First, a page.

– Typically project managers aren’t engaged for the construction of houses because people can’t warrant the costs of engaging a project manager against the cost of building a house. My personal opinion is that most houses, if they’re kind of a construction cost of around a million dollars or more, should actually have a project manager because I believe that a client side project manager would deliver the savings to offset their cost, and deliver a better outcome with time cost and quality to the person who’s building the house. But typically project managers aren’t engaged. So I’ve just finished one project which was a residential dwelling, but it was a six million dollar job, but I don’t do many residential dwellings.
– So could you run us through then, Dave, the construction process from start to finish, as best we can, on a house.
– On a house. Okay. So you’d get a block of land.
– Yep, acquisition.
– Acquisition, then you’d probably do your own research about the style of house and come up with a brief of what size you want it to be. Bedrooms, bathrooms, finishes, two story, one story, landscaping, pools, that type of thing. Then go and either deal with a design and construct builder or go and engage an architect to come up with a design for you.
– Design and construct builder, what is it?
– So it can be a builder who’s got an in house architect or drafting team, or something that they use for design work.
– So you’d go and start working with them and say you’re gonna build my house for me, this is my brief, this is the amount of money that I roughly wanna spend.
– They would then facilitate the design for you.
– And deliver the design, and once you say you’re happy with it, confirm the price and then you’d go ahead with that contractor to do the building as opposed to going and engaging an architect, coming up with a design, and then going out to tender with a few builders.
– That’s much more hands on, the second run. So people at home, the design and construct model would be like going to a Metricon, picking the style that you like, and then they’ve already done the design side of it, and then they construct.
– But there are also smaller builders who provide that service without having to go to one of the larger home builders.
– The cookie-cutter model?
– So before then, a good recommendation is do your research. So you wanna know the style of house before entering this whole process or before approaching the builder? Or is it good to speak to the builders while you’re doing your research?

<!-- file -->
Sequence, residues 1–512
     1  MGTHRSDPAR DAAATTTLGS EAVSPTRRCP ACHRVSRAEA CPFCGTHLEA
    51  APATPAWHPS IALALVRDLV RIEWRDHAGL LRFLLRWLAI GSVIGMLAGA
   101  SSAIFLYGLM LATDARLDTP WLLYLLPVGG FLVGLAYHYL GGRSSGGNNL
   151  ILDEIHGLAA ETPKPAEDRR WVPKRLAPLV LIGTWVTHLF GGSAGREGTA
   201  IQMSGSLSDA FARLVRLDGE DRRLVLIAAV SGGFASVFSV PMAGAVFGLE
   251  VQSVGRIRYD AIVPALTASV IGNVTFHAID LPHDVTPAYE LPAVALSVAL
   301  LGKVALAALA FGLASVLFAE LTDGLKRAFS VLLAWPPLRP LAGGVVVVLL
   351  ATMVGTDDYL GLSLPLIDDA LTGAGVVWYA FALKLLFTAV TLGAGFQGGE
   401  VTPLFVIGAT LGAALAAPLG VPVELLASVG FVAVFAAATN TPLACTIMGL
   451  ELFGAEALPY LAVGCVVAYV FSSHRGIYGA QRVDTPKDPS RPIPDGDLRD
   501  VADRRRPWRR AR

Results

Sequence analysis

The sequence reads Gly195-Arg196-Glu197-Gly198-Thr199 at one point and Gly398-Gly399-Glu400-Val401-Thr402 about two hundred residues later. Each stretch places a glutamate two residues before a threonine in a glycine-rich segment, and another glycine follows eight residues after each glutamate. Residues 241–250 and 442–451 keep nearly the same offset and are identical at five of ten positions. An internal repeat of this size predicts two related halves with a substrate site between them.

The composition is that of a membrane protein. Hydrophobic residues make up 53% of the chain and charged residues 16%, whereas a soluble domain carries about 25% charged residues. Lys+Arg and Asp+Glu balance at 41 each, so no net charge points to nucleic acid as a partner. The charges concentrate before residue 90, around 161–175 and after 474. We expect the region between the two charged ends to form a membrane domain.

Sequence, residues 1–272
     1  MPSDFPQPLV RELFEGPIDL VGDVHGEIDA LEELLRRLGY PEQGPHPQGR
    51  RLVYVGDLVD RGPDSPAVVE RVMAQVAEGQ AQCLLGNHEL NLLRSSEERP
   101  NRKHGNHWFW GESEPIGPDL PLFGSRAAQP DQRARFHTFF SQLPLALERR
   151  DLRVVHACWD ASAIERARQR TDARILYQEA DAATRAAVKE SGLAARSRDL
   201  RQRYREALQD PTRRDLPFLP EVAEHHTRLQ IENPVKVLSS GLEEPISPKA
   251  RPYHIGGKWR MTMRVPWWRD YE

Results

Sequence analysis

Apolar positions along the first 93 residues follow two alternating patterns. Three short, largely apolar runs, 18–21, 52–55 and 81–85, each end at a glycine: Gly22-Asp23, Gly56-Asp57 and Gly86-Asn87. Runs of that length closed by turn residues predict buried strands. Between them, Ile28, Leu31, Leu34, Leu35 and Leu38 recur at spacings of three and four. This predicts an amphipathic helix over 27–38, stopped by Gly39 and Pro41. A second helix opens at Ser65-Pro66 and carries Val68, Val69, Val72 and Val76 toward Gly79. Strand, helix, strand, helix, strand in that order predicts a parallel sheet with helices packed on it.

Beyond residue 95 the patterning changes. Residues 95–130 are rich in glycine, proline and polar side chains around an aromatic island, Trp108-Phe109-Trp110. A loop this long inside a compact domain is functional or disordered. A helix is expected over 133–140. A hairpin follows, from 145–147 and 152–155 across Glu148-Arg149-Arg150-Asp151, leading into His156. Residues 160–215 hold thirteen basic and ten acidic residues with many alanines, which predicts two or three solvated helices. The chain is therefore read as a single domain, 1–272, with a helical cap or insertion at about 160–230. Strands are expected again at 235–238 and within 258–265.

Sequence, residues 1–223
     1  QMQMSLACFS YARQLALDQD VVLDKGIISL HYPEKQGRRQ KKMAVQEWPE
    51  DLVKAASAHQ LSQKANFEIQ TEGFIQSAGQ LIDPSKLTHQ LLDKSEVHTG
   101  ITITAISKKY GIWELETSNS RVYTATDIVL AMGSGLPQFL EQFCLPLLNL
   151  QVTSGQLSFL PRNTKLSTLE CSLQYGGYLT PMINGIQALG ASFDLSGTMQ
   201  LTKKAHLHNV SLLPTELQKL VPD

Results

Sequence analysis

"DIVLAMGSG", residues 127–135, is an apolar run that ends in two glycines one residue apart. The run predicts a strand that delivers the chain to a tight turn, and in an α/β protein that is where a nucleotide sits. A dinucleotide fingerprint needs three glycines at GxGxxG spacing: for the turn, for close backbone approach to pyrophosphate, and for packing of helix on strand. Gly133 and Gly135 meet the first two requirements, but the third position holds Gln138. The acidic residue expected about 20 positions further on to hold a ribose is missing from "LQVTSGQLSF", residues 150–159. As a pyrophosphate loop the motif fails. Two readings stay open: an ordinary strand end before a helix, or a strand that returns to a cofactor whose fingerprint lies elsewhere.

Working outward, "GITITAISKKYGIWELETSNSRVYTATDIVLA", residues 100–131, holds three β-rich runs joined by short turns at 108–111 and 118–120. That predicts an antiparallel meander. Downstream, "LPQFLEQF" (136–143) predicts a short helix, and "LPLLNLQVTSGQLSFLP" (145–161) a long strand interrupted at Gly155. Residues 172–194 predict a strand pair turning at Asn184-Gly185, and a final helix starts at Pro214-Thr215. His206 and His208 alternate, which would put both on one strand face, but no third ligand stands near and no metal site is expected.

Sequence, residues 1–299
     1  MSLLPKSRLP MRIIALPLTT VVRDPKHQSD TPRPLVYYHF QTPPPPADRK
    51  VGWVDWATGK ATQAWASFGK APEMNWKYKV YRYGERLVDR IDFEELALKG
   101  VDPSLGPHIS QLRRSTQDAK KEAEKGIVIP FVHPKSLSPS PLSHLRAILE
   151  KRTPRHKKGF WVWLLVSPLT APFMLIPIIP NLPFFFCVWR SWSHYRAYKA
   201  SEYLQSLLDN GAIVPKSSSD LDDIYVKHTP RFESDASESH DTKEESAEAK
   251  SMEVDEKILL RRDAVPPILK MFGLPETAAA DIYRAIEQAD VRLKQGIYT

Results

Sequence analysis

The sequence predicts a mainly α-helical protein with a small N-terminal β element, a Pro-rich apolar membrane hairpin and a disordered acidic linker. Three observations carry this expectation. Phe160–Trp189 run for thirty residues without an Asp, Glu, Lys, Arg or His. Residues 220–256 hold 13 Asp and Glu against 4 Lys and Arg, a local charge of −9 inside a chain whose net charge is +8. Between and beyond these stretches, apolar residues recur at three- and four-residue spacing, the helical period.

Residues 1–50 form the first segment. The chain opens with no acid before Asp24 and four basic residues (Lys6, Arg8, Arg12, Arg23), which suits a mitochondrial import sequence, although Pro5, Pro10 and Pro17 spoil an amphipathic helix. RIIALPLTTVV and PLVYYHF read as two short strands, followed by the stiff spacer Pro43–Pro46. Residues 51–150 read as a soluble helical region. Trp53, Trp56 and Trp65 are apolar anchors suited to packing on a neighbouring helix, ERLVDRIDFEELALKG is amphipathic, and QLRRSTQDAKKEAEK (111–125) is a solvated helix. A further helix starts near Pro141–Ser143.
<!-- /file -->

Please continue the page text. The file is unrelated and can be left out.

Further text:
– I think before approaching the builder so that you can give them some direction right from the start. Because where a lot of people come undone during the design process is that they’re coming up with new ideas constantly as the design’s being presented to them, and that’s makes, or elongates the design process. Where as if they’ve got an idea of the style of house and the size, they’re able to give a better brief to the person that’s designing it.
– We’ve acquired our land. We’ve got the style of our home sorted out. We’ve gone to a builder and decided on design and construct, so what happens there?
– Then they would be getting the, and this is at a high level, then they would be getting the authority approval for the dwelling to be constructed.
– Council, well it depends on where the land is, but sometimes it’s council, sometimes it’s just engaging a building certifier.
– Or a certifier, okay.
– Your approvals, you’ve got your certifier sorted out. What’s next?
– Then the contractors engage and they would start work on site.
– So then there’s a process that construction goes through and it’s typically the same whether it’s a house or a large residential building in terms of the steps and the trades. It’s just the dollar value, and the program, and the construction methodology changes. The base methodology is pretty similar through both processes. So the first thing, a contractor would come on site and clear the site if there’s demolition require or clear vegetation of the site. Then lay the foundations for the building. If there was a pool to go in, the pool would go in before the foundations went in. Foundations go in, which would include the concrete slab, then the frame goes up, then the roof goes on, then there’s roughing in of services. Electrical, air conditioning, plumbing, security things like that. Then there’s the external cladding and the internal linings to go in, such as plaster board. Then progressing to paint, and then finishes start going in which would be tiling, joinery, paintwork.
– Say for example people go, well I know that this is what my floor plan is going to look like and I’m certain that cupboard’s gonna be there so I don’t need to worry about the design, changing it all. That’s something people should get their heads around, as you go through those processes.
– So the more information you can lock down before construction starts and before you engage a builder, the less risk there is for the price to vary. So if you’ve made your design decisions and you finish your selections at the start, and you’ve got a contractor locked into a price, it’s to your advantage to not then go and make changes during the construction process. Because then the builder will start charging variations and typically builders make money off of variations.
– And that’s when it can catch up.
– We’ve got the finishes going in. You’ve got the tile, the joinery, the appliances, the tap wear. What’s the next step? Where are we after?